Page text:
Tacoma Public Schools Superintendent Carla Santorno says schools in the city will be “a safe zone for immigrant students to learn and thrive.”
Her message, in the form of an open letter to families published on the school district website Tuesday, cites the diversity of Washington’s third-largest school district as a strength to be celebrated.
It also says every school in the 29,000-student district has been directed to provide a “safe, private location” where students can get help and support if immigration law enforcement “interferes with their learning experience.”
Santorno said several social service agencies in Tacoma are compiling information to help immigrant families, and she wants schools to be able to direct families to accurate information.
Never miss a local story.
The Tacoma School Board is expected to consider a resolution in support of students as well, the superintendent said.
Santorno said her message to families was prompted by reports from district principals that they’re hearing from children who fear what might happen to their families as a result of new federal directives.
She said her job is to ensure that all students feel safe at school and are ready to learn.
“I felt it required a response equal to the concerns that people are having,” Santorno said.
Discussions about what might change for students from immigrant families have been echoing through the education community since President Donald Trump made anti-immigrant statements a part of his campaign.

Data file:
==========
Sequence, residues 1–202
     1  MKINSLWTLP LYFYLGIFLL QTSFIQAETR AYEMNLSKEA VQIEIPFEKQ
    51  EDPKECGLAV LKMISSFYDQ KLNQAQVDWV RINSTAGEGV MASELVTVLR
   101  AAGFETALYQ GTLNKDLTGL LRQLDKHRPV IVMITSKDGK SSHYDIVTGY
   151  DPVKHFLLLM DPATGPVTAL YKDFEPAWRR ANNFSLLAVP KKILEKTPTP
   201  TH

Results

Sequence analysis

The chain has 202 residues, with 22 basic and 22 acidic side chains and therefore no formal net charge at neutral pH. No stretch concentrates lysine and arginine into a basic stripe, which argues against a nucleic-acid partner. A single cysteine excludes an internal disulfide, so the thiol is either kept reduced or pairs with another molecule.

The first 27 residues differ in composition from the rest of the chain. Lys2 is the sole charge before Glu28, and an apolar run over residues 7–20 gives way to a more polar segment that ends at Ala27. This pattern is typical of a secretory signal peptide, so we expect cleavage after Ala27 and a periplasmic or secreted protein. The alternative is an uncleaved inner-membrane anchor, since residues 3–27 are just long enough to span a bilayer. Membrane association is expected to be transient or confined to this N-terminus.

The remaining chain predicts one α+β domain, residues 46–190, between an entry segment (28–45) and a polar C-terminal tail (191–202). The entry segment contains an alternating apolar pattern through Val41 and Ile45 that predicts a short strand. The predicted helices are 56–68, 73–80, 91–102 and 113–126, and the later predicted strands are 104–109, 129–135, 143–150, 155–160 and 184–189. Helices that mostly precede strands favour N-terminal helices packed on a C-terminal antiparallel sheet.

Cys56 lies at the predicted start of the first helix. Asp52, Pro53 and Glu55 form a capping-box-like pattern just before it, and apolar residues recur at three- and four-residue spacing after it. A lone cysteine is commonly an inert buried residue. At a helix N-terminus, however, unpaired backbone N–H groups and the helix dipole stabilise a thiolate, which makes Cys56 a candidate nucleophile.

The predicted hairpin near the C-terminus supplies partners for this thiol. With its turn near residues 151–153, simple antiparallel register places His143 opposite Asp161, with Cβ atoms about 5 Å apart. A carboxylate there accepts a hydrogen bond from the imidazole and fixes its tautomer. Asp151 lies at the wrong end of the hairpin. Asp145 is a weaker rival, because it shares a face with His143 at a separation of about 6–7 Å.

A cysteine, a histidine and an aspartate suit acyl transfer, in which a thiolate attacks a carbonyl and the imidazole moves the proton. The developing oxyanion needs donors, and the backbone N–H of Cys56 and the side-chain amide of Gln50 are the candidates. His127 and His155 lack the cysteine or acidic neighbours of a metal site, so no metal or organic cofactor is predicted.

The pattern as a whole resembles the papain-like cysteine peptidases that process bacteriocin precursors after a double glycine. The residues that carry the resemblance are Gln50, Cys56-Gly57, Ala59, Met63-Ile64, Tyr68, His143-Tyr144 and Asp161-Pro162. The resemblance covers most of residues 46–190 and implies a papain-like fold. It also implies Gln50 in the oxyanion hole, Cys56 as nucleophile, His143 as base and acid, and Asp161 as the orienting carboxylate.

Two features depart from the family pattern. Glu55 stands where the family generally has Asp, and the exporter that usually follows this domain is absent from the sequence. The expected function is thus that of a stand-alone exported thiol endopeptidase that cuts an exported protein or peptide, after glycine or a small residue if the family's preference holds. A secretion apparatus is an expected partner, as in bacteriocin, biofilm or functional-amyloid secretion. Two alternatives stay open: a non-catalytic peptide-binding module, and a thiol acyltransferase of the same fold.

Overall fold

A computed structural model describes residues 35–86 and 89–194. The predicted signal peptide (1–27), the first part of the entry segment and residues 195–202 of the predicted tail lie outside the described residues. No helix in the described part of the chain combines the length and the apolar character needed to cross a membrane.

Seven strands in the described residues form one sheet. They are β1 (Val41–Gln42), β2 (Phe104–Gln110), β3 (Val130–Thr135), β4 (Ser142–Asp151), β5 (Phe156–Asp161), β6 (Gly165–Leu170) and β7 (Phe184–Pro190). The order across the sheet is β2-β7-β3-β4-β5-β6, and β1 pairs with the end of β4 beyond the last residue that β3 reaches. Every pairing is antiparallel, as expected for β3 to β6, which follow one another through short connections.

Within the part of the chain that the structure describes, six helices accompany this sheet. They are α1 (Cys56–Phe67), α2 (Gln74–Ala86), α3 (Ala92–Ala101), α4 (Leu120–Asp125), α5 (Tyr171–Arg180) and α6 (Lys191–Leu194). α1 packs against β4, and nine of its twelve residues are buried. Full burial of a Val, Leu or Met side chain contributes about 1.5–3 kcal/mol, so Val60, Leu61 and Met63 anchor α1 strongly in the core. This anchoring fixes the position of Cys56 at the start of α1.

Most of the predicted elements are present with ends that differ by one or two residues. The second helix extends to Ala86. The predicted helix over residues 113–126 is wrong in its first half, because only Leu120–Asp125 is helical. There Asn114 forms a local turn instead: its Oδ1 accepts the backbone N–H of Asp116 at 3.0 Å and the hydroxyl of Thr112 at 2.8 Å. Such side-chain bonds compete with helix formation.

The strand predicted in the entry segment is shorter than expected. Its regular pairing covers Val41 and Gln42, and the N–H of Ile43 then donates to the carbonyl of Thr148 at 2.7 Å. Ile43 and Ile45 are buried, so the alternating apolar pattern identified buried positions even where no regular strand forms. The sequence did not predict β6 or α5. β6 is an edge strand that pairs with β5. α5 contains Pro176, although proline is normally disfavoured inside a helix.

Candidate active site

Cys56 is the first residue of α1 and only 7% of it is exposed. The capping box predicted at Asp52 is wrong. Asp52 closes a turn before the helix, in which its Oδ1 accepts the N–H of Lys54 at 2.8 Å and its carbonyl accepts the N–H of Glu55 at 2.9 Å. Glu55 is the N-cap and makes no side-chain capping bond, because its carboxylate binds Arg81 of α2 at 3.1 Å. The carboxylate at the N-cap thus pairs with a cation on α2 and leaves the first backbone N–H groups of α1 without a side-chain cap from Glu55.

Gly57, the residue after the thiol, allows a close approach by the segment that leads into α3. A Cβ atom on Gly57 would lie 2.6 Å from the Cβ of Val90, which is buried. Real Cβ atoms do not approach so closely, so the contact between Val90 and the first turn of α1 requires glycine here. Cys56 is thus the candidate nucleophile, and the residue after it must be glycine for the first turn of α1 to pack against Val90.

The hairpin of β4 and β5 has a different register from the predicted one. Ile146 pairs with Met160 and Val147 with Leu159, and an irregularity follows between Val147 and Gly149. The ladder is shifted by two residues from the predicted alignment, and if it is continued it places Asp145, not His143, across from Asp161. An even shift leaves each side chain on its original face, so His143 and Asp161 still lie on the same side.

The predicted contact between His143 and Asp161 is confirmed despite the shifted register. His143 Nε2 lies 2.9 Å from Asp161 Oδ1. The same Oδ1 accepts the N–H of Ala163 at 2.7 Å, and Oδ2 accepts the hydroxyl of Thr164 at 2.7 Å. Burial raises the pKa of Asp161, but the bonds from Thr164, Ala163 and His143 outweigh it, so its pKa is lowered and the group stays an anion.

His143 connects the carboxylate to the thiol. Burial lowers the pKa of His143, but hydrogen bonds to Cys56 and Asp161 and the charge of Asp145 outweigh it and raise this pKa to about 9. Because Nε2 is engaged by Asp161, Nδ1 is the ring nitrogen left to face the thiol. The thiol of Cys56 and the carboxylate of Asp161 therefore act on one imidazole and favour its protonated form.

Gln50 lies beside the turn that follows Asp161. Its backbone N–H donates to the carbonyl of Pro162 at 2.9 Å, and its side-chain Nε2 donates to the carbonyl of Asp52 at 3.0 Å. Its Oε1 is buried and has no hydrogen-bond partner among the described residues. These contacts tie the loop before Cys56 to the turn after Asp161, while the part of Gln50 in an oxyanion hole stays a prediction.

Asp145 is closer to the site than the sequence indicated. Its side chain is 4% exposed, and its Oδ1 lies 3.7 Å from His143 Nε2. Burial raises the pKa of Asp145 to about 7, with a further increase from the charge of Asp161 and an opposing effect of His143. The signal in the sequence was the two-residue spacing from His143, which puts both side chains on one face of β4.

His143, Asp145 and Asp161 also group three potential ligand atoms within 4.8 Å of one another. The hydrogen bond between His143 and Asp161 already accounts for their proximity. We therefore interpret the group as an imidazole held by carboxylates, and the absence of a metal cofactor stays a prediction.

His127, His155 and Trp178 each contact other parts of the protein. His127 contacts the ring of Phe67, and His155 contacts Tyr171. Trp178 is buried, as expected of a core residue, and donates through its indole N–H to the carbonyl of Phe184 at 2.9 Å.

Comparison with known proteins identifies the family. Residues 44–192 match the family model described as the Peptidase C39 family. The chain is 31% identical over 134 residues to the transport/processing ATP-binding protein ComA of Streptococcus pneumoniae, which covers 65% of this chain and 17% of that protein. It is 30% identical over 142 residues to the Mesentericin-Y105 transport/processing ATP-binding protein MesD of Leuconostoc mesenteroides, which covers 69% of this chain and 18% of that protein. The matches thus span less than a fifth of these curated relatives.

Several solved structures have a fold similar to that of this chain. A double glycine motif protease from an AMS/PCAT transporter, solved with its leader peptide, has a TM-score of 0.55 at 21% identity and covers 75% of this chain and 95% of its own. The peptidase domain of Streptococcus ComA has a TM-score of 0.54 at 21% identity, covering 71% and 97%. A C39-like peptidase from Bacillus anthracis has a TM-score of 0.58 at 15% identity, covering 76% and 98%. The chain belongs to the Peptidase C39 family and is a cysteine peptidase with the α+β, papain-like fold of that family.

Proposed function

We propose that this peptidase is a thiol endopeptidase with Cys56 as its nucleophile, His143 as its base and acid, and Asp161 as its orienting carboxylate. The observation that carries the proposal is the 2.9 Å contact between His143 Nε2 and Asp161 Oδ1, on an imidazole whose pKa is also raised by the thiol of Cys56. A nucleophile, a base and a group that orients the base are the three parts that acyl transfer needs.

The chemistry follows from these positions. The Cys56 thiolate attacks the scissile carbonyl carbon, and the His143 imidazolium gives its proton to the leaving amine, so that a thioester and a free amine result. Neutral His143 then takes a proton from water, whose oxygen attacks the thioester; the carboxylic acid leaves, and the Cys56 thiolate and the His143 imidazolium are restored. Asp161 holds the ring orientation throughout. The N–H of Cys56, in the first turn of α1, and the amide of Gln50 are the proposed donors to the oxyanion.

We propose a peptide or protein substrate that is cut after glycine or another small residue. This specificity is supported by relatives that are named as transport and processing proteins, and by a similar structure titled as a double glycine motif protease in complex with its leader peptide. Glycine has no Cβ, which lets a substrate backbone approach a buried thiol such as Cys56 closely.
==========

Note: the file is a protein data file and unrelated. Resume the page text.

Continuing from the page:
His executive order temporarily banning travel to the United States for people from seven Muslim-majority countries sparked protests across the country over the weekend.
Santorno’s letter notes that Tacoma Public Schools does not ask for or track the citizenship or immigration status of its students.
That’s been the case for public schools across the nation since the 1980s, when the U.S. Supreme Court struck down a Texas law that denied state funding for students whose parents entered the country without legal permission.
Santorno also notes that, under federal student privacy law, a student’s citizenship or immigration status cannot be disclosed.
The school district website translates Santorno’s message into Arabic, Russian, Spanish and Vietnamese, and notes that a translation into Cambodian is coming soon.
Santorno also sent an automated phone message to Tacoma Public Schools families.
“We will continue providing all students their legal right to access free public K-12 education, regardless of their religion, their place of birth, their language, their citizenship, their immigration status, their parents’ status or any other legally protected characteristics,” Santorno’s message states.